Rights group slams Japan’s latest executions as ‘inhumane’ as two murderers are hanged

The deaths bring the total number since Prime Minister Shinzo Abe took power in 2012 to 19

PUBLISHED : Thursday, 13 July, 2017, 10:35pm
UPDATED : Thursday, 13 July, 2017, 10:35pm

Japan executed two convicted murderers on Thursday, the justice ministry said, ignoring calls from international rights groups to end capital punishment.

The hangings of Masakatsu Nishikawa and Koichi Sumida bring the total number of executions since Prime Minister Shinzo Abe took power in 2012 to 19.

Nishikawa, 61, was convicted of killing four women in western Japan in 1991, while Sumida, 34, was sentenced to death for killing a female colleague in 2011 and dismembering her body.

“Both are extremely cruel cases in which victims were deprived of their precious lives on truly selfish motives,” Justice Minister Katsutoshi Kaneda said.

Calls to abolish death penalty grow louder in Japan

“I ordered the executions after careful consideration,” he added.

Amnesty International condemned Japan’s continued use of the death penalty and said it was a “wanton disregard for the right to life”.

“The death penalty never ­delivers justice, it is the ultimate cruel and inhumane punishment,” Hiroka Shoji, East Asia ­researcher for the group, said.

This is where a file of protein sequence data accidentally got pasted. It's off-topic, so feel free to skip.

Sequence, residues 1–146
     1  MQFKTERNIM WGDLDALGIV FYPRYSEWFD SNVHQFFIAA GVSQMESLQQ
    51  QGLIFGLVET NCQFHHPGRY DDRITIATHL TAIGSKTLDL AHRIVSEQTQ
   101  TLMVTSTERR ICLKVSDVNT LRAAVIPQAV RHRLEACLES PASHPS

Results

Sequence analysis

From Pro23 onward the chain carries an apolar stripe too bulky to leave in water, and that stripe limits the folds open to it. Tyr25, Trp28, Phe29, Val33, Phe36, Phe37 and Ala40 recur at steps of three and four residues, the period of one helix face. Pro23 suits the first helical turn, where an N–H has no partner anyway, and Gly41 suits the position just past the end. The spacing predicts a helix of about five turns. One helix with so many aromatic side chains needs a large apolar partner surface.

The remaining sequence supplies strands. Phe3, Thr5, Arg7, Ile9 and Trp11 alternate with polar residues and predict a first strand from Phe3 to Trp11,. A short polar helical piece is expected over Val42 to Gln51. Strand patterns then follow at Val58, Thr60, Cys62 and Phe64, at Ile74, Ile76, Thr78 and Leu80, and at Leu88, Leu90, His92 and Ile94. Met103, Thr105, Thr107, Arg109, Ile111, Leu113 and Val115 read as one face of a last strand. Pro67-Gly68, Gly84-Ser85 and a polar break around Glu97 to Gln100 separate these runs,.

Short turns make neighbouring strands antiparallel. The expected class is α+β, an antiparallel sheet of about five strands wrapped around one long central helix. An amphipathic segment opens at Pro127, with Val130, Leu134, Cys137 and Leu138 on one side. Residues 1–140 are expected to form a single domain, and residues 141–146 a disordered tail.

Nishikawa was hanged while seeking a retrial. Though not unprecedented, it is rare in Japan. Kaneda indicated it was wrong to believe that death row inmates could not be executed while their retrial pleas are pending.

“When a rejection is naturally expected, we cannot help avoiding carrying out [capital punishment],” Kaneda said, noting he was not commenting on either of Thursday’s cases.

Government spokesman Yoshihide Suga said Kaneda made the decision “appropriately under the provision of the law”.

The death penalty has overwhelming public support in Japan despite protests from European governments and rights groups.

Opponents say Japan’s system is cruel because inmates can be on death row for many years in solitary confinement and are only told of their impending execution a few hours ahead of time.

Out of 124 death-row inmates, 91 are seeking a retrial, according to Jiji Press.

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